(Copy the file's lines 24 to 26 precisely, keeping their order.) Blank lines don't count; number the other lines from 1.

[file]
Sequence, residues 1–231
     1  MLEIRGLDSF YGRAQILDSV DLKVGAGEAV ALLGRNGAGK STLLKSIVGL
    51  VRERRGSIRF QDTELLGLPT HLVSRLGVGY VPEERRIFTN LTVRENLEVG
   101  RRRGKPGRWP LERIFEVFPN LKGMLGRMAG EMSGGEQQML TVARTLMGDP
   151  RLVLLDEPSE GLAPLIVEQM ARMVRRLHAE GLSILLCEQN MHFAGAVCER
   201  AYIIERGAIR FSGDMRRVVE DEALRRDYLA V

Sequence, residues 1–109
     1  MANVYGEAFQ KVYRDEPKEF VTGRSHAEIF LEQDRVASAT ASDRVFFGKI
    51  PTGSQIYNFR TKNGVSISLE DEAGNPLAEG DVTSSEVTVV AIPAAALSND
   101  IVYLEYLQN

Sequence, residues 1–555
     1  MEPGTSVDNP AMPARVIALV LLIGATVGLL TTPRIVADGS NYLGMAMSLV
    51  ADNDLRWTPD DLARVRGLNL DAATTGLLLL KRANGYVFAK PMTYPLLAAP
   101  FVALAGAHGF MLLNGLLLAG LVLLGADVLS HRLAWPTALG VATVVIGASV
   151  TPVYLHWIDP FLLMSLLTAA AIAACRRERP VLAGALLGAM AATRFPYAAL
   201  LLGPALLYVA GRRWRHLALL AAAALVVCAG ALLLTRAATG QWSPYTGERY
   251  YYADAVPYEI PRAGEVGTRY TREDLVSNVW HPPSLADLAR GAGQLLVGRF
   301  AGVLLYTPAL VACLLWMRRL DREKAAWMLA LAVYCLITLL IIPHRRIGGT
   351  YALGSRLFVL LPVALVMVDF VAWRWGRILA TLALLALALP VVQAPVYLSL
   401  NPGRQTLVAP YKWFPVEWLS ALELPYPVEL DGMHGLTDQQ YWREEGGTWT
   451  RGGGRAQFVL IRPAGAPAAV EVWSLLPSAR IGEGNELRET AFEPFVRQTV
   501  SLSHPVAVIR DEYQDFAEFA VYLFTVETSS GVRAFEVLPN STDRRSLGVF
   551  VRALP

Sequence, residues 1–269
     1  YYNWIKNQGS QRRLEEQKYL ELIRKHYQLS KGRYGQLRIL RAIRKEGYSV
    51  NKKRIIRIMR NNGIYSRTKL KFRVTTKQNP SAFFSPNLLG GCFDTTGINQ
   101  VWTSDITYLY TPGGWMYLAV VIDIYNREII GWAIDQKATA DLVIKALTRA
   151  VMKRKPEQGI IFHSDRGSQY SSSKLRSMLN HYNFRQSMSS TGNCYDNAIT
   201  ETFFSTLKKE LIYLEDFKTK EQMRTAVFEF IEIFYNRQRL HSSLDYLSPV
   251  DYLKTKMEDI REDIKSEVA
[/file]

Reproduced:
Sequence, residues 1–269
     1  YYNWIKNQGS QRRLEEQKYL ELIRKHYQLS KGRYGQLRIL RAIRKEGYSV
    51  NKKRIIRIMR NNGIYSRTKL KFRVTTKQNP SAFFSPNLLG GCFDTTGINQ